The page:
It’s Saturday night. I feel something tighten around my throat, around my soul. I don’t name it right away, slipping into the amnesia of “everything’s fine” and forgetting to slow down enough to notice the wisdom of my body, the messengers embedded inside even the subtlest of symptoms. The body’s communication system never fails to amaze me, and I’m equally surprised by how easy it is to ignore it. With all the years of doing inner work, it’s bewildering to me that I don’t register my body cues as loudly as a screaming child. But I know why. I know that we’ve all been raised in a disconnected cultured, one that prizes the head and mind and intellectual cues far over the body’s. I don’t berate myself, but feel wonder and curiosity at this phenomenon.
Before I go to sleep I do my regular bedtime ritual: Gazing out at the apple tree in our yard who stands majestic and steady, full of reliable comfort and ineffable guidance. I look up at the night sky, the blackest black patterned with shimmery silver stars. I raise my arms above my head, breathing deeply and imagining that the dark and the stars and the tree are entering my palms and traveling down my arms and torso, into my belly, down my legs and into the soles of my feet. An elixir of stars. A potion of apple-blossoms not yet budding on the trees. A bowl of delicious darkness. Invisible mothers surrounding me, holding me, guiding me into sleep.
But somewhere between 3am and 3:30am I awake. I can feel that I’m not going to fall back asleep; a pulsing energy, a subtle vibration sends electrical currents up and down my limbs. I get out of bed quietly so as not to wake up my husband and go downstairs. Cat greets me, fellow creature of the night, blinking up at her human mother and perhaps wondering about this intrusion on her sacred sleep.
Again, I gaze into the darkness. But this time I don’t feel comfort. A small river of worry enters my system, that familiar intergenerational habit that has been handed down through the generations of mothers and says, “If I worry enough I can prevent bad things from happening, and if I let go of worry and choose trust, I’m tempting fate.” Here’s what my witching hour worries sounded like that night:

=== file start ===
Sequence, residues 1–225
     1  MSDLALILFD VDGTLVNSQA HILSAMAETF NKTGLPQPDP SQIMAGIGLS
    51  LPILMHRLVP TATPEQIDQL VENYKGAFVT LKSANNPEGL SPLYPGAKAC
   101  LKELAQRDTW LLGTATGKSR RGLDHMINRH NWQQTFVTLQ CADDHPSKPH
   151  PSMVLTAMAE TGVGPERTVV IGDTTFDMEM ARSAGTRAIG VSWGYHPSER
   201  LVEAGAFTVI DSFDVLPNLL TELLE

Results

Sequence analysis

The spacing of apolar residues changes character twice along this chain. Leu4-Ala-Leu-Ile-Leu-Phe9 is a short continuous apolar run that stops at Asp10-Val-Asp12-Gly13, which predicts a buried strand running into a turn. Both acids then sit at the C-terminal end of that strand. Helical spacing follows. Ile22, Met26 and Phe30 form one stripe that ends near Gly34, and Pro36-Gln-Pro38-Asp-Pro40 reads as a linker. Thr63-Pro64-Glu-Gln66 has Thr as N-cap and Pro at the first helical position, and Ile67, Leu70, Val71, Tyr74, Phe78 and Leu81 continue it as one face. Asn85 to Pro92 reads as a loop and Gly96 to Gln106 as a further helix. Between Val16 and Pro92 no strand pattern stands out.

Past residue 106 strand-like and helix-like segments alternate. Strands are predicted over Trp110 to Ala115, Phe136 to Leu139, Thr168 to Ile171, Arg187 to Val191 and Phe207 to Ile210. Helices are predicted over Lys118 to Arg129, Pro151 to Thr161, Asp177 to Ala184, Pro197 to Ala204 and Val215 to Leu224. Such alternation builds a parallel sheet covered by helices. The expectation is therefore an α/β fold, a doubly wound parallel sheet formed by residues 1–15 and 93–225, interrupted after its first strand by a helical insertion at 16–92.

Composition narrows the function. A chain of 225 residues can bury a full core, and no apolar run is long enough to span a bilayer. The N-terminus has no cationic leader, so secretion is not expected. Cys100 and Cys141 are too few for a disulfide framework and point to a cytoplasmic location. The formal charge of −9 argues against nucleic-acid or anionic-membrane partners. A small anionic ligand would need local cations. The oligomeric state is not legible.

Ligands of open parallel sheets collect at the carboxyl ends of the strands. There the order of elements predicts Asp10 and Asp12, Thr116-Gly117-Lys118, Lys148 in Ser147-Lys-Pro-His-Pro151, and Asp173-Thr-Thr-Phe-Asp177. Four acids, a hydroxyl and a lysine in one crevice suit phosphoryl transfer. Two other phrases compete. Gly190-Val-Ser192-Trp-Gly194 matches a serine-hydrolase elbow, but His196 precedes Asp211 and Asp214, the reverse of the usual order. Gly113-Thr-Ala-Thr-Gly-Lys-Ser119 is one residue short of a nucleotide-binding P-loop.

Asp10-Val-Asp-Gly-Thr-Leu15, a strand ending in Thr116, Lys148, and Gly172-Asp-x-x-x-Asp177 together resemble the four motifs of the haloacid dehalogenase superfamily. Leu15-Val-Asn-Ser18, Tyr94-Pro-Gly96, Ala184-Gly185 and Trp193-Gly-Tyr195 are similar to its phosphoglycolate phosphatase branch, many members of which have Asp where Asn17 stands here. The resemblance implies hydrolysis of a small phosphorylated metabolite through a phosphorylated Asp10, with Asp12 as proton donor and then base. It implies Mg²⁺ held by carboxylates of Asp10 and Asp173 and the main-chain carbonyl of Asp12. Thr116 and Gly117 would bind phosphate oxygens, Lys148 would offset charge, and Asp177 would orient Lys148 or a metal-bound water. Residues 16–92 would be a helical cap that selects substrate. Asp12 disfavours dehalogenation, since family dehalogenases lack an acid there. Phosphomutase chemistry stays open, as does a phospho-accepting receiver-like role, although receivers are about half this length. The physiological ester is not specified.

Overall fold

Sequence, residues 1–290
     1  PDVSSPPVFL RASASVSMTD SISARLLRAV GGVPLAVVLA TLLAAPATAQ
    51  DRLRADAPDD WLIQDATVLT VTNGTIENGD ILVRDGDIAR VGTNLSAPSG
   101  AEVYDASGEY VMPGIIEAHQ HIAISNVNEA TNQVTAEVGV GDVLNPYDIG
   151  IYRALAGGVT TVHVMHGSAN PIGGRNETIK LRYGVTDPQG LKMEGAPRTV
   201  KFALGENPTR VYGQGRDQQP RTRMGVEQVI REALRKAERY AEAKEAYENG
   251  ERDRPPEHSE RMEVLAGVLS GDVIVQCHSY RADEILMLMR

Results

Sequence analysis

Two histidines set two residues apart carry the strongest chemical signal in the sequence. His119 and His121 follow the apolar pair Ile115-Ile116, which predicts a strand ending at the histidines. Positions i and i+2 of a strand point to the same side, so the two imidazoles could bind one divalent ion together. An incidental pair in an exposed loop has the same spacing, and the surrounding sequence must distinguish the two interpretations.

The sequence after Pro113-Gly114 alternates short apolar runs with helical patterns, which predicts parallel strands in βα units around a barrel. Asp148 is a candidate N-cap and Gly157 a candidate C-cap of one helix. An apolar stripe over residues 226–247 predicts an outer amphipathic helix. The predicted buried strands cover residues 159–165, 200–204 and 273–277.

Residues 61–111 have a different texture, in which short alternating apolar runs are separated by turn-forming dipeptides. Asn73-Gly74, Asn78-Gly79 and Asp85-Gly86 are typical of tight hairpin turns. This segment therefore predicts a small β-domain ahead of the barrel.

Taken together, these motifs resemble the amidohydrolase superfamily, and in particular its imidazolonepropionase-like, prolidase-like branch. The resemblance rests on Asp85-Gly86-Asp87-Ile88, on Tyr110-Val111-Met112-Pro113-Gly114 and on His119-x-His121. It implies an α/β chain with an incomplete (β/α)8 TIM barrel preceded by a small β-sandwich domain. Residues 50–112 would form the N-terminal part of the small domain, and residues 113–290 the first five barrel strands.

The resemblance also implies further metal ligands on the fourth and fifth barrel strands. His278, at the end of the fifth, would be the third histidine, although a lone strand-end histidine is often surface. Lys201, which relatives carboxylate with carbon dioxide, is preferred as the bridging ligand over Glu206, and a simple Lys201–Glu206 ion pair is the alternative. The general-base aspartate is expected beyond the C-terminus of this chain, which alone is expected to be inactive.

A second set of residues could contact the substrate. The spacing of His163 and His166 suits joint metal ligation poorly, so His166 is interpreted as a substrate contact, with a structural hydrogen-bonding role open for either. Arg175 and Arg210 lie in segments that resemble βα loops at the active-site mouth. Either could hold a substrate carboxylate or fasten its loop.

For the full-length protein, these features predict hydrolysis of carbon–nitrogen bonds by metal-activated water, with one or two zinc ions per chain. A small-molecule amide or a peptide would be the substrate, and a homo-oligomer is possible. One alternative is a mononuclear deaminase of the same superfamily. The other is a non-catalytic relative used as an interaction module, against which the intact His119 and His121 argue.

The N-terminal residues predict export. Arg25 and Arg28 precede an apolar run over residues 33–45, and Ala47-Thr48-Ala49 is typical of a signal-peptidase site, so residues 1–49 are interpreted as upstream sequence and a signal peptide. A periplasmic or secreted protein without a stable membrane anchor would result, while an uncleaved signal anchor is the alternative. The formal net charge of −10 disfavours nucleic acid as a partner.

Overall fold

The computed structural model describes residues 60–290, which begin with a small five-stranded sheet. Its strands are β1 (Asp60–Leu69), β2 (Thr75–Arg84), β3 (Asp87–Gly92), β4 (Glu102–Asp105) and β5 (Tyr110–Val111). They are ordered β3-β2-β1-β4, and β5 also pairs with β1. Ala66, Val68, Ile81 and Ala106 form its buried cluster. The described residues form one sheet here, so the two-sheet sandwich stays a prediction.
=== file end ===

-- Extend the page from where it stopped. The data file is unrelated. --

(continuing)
Our older son, our younger son, flying, oh no, school anxiety, social anxiety, loneliness, friendship, math stress, covid stress, birthday approaching, turning 12, turning 17, no rituals, is my throat scratchy?, do I have covid?, my nose feel weird…
…and so on.
The thing about the worries that arise at the witching hour is that they all feel so real. Of course, all worries and intrusive thoughts feel real; that’s what makes them challenging to deal with. But there’s a particular conviction that arrives in the middle of the night, at least for me, bolstered by the telltale and classic anxiety thought, “If it’s coming in the middle of the night it must be stemming from my intuition/unconscious, which means I’m probably tapping into something true. Maybe my son shouldn’t fly tomorrow! Maybe I’m having a premonition!”
Most nights, however, I’m able to catch the thoughts by the tail and channel them in another direction. Instead of indulging the thoughts, I tiptoe back into bed and drop into another space: the space below thoughts, and even below feelings. The space of soul with imagination at the helm of the inner ship. This is what I imagined:
I send my worried like boats down the creek. I place each worry on a leaf-boat and imagine it surrounded by light and the wisdom of ancestors who sing and dance on the banks. An owl hoots, and a mate returns the call. My worries are held in the web of nature that resides only in trust. One by one, I watch my worries float downstream, held and guided, until at last I sink back into sleep.
I’ve shared in several posts, including this one that I wrote over eleven years ago just before our younger son turned one, that worry is the work of motherhood. If we’re to be sane at all as parents, we must actively work with worry, otherwise it will do a workover on us daily. Like all manifestations of anxiety, working with worry is a practice, and when we hone the practice over time – hundreds and hundreds of choice-points when we name the habitual response and send our minds and souls down another pathway – we can come back to center more quickly.
Worry is, fundamentally, a misguided attempt to control the future. The worry-brain believes that if it worries enough it will prevent bad things from happening. It’s one of those mind-glitches that feels true because we’ve indulged it thousands of times, but it’s not true. The hard truth is that we have control over very little in life, and we certainly can’t control the future. I hate this part of life more than anything else, but when we love deeply we risk deeply, for embedded in loving is the possibility of loss. And, at the core, this is what we’re trying to control and protect against: the fact that we can lose the people and creatures we love most in the world. In my opinion, it’s a highly faulty plan. But it’s what it is.
So we choose: to jump on the worry-train and reinforce the faulty belief that worry is keeping our loved ones safe OR to send worry along the riverways and into the stars, to recognize that at the core of worry is the magnificent love we carry for others and life itself, and that when we can tap into the depth of that love the tears arrive, and the gratitude, and the joy. Imagination, prayer, poetry, gratitude, nature: these are all expressions of love, and one thing we know for sure is that love is stronger than fear. I can choose to dwell in fear or I can choose to dwell in love. I choose love.